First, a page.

Ryder Presidents - Its Overload Says Kite

By George WhiteSeptember 24, 2004, 4:00 pm
Tom Kite shudders a little when he thinks about it. But the former U.S. Ryder Cup captain sees the possibility of last weeks lopsided European victory happening time and time again in the foreseeable future.
No, its not because he thinks the European players are that much superior to the Americans. That problem would eventually fix itself and the talent from the two continents would level out. But this problem will not go away, regardless of how much the Americans want it to.
I think the Presidents Cup is killing the Ryder Cup, Kite said firmly. I really do I think its really difficult for the U.S. team right now.
The Presidents Cup, of course, is the PGA Tours biennial competition matching a U.S. team against an international team, meaning the rest of the world minus Europe. Played in the years in which there isnt a Ryder Cup, its a relative newcomer, only in existence since 1994.
Kite played in seven Ryder Cups, stretching from 79 to 93. He would have played in twice that many international competitions if the Presidents Cup had been in existence. He believes that expecting the Americans to participate in a match every year is persistently draining their enthusiasm.
Thats a lot to ask ' especially when the other team (Europe) gets rejuvenated, he said. They have the opportunity to get refreshed, not have it for a year.
This years lopsided affair was a perfect example. I see the enthusiasm among the guys who have not played in many past Ryder Cups or Presidents Cups, he says. You see it in Chris DiMarco, Chris Riley, even Jay Haas. But you just dont see the same enthusiasm in the guys who did it just 12 months before. Twelve months before that they did it, and 12 months before that and 12 months before that.
Kite, now 55 and a standout on the Champions Tour, realizes that the competitions occupy only one week of the players time a year. But there is one key difference ' for Europe its only once every two years. That, he believes, is a major difference. The opportunity to represent your country is a huge honor, he says, but coming every year as it does, its diluted a little.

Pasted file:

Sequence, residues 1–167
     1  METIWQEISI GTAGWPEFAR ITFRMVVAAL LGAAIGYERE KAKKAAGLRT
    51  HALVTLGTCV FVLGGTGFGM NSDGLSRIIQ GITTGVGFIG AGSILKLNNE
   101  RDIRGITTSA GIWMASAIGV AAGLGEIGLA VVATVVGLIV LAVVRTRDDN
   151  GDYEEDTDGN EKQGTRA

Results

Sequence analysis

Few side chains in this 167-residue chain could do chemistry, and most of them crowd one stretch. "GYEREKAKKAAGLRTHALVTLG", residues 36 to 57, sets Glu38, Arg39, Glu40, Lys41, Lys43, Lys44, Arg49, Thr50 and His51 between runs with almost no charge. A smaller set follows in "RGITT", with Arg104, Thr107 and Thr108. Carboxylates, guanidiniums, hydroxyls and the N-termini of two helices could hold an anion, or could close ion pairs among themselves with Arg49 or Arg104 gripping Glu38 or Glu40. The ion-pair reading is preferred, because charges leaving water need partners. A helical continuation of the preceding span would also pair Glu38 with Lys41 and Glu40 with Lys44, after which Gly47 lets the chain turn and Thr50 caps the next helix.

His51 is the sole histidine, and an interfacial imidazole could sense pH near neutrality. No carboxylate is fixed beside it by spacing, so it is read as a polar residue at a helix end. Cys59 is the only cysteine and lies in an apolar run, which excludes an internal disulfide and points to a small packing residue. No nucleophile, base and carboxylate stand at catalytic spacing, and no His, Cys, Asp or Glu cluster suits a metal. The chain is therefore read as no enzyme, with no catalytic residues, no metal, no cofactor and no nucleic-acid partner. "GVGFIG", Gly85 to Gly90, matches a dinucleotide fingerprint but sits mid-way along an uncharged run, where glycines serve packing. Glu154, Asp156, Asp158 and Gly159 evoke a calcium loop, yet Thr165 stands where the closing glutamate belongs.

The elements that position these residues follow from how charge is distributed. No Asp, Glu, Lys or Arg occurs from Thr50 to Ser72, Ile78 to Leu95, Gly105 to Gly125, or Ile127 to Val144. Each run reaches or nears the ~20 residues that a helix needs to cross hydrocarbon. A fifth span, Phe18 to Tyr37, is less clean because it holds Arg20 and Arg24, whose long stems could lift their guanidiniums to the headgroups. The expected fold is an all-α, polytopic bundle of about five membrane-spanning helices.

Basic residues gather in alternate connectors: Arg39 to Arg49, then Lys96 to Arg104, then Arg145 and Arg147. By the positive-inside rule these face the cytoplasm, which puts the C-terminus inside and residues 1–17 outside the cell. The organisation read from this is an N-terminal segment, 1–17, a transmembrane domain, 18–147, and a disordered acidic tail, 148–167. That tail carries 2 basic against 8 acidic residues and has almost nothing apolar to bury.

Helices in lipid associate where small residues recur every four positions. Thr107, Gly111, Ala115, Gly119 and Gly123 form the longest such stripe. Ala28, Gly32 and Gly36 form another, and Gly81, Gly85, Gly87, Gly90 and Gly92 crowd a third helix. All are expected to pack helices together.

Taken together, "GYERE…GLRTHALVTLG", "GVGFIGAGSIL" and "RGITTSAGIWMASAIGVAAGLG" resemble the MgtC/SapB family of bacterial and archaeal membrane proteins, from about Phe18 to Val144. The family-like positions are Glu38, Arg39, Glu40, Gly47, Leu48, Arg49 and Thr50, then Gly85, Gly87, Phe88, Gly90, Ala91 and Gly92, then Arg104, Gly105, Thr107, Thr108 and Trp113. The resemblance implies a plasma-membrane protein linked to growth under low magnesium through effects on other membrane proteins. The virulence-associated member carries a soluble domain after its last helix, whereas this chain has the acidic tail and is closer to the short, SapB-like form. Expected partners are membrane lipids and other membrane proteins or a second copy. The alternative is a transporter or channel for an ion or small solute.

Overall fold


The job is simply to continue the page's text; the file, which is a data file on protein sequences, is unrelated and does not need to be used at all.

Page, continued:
I remember reading a quote from Nick Faldo and somebody asked him if he wasnt disappointed that he wasnt going to play in the Presidents Cup, remembered Kite. He said, Youve got to be kidding! I need two years to recover from this!
Kite confesses that he doesnt know an answer. He isnt even certain that the Presidents Cup theory is the real reason for the losses that had piled up in a depressing succession. He cant be certain that one week a year is too much ' unless your opponent isnt expected to do the same thing.
BUT ' I keep going back to the fact of, When did we start getting beat? Prior to that time it was a pretty even competition. You had the Fab Five over there in Europe from 83 and to about 91 or 93.
When did we start getting it handed to us on a platter? In 95. When did the Presidents Cup start? In 94.
In 95, the steady drumbeat of losses began. Last weeks setback ran Europes winning ratio to four in five, with the only American success coming in 1999 at Brookline after the U.S. rallied on Sunday to take the singles competition, 8 - 3 . It came that close to being five European victories over the last five Ryder Cups.

Of course, that is around the time that the Ryder Cup became profitable. For decades it had been a losing proposition for America. But when Europe began to win from time to time in the 80s that began to change. And the PGA of America found it had a huge cash cow on its hands.
Rather by coincidence or not, the PGA Tour ' certainly no dummy when it comes to great money-making ideas ' decided that the rest of the world was entitled to play the U.S., also. Ergo - the Presidents Cup. And that idea has proven to be extremely profitable, as well.
The suggestion has been made that there be three teams ' the U.S., Europe, and the Internationals ' and that the winners of the competition be matched the following year. But its difficult to see that happening.
Why? Because if the U.S. is not involved, the event wont be nearly as profitable. A Europe vs. the Internationals match might sound like an excellent idea, but it wouldnt bring nearly the television revenue that a matchup involving the United States would. Its just that simple. And ' money is a powerful persuader.